Mintage levels will determine value here, as 1 oz products are already available. Maybe we’ll see an increase in value if the mint never produces another 75$ numismatic as well.. This will most likely be a sit and wait product.

I do like the design concepts however, and I am planning to own some regardless. Though, I won’t pay a high premium unless the mintage is determined beforehand.

Jp January 23, 2015 at 4:57 pm

I also don’t understand what this coin is all about, but I am all in on buying. I’m quite certain the mint will make a MINT off of these babies. I’m liking 18c Obverse and 8c or 14 c Reverse. I’m wondering just how much the cost will be? Gold doesn’t come cheap at the mint! I also hope they don’t gussie it all up with lots of overdone packaging! That’s my $75 bucks worth.

Cincinnatus January 26, 2015 at 8:14 am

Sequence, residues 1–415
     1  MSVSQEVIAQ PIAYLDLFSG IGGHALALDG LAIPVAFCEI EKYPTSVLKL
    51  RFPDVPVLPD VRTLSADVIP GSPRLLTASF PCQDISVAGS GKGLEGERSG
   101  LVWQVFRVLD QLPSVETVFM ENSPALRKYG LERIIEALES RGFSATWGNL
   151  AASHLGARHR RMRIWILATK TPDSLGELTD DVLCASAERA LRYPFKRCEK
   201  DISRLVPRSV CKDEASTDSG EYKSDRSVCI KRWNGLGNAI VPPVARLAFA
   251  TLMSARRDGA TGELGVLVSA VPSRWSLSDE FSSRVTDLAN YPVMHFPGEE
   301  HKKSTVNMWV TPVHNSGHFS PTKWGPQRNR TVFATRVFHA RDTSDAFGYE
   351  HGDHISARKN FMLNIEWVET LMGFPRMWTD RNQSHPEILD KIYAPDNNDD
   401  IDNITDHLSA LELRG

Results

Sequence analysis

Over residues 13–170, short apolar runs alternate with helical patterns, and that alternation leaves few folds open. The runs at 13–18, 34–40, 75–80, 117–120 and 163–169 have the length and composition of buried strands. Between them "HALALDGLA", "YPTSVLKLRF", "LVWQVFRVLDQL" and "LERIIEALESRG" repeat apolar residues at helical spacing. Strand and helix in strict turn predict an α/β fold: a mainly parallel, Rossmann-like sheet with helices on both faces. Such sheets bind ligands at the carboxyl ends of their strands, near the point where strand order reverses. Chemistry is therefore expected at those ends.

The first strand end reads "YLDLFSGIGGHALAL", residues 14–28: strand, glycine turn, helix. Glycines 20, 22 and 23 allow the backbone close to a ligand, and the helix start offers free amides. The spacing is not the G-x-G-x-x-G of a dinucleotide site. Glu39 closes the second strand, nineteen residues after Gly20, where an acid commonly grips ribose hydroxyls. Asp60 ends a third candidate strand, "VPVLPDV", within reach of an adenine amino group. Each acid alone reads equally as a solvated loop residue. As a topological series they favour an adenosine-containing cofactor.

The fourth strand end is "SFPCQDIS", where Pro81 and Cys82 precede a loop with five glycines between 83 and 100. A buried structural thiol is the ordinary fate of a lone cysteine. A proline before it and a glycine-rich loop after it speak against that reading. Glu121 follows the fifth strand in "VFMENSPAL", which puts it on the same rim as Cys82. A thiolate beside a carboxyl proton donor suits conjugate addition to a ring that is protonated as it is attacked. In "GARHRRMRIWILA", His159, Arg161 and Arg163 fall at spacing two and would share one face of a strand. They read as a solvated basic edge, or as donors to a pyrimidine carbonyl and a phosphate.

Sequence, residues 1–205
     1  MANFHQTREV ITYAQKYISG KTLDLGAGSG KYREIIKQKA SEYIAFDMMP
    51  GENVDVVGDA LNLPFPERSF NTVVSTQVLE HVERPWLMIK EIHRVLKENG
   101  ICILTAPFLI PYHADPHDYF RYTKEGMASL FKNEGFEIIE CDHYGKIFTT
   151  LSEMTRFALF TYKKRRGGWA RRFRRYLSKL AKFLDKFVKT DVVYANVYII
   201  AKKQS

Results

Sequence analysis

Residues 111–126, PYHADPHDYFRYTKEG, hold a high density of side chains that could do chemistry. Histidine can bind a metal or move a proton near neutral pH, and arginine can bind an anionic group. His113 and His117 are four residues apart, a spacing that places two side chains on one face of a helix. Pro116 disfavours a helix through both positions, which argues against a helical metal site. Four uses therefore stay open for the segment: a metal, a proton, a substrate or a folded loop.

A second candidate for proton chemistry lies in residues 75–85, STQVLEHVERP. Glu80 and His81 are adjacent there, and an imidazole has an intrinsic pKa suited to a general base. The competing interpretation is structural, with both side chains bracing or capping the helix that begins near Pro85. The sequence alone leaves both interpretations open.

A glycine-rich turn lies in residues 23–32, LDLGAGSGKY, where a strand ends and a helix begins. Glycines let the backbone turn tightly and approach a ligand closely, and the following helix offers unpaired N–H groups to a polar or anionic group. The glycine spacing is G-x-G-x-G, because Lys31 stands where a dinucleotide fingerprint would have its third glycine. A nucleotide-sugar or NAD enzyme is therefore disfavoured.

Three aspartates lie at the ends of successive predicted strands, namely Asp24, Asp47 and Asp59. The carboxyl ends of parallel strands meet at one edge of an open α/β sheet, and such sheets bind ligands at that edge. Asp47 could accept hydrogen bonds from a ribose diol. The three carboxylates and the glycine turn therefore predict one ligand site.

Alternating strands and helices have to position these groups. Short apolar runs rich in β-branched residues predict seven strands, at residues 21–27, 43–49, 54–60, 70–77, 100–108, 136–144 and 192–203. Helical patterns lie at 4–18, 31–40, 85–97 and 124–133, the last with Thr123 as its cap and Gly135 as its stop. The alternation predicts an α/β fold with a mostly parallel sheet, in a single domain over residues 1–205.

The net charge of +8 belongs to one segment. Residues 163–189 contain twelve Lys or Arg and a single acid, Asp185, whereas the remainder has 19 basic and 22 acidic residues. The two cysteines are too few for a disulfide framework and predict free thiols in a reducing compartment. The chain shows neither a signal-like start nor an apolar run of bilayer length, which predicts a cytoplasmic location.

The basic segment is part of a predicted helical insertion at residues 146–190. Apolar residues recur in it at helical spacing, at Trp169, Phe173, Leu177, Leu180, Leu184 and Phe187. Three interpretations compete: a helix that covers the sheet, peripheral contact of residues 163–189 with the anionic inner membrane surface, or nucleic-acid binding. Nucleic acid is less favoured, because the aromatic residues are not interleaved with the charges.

I will take a wild guess – pick the ugliest designs for the obverse and reverse – and that is the ones CCAC and CFA will choose. Based on the horrible coinage coming from these two committees – my bet, they will continue their losing streak.

Peter February 16, 2015 at 9:23 pm

The Mint should have a household limit of 1 coin like they did in 2009.
I will not buy any mint products that have no limits of 5 or less.
Am so tired of the huge coin Corporations buying thousands at a time leaving me with a Fat Premium over gold spot and the Big guys driving the prices in online sales. I want a collectors coin for the collector. Should have had a $500 dollar value then $75 bucks. Weird price for the coin.

Andrew March 30, 2015 at 4:26 pm

The US Mint should limit this product to 5 or less per Household. This product will not be worth investing in if there is no limit. There is Very Few US Mint products that are worth more than their original issue price. Look what happened to the Kennedy Gold Half Dollar Coin, I can buy them for $100 less than you can buy them on the US Mint Website.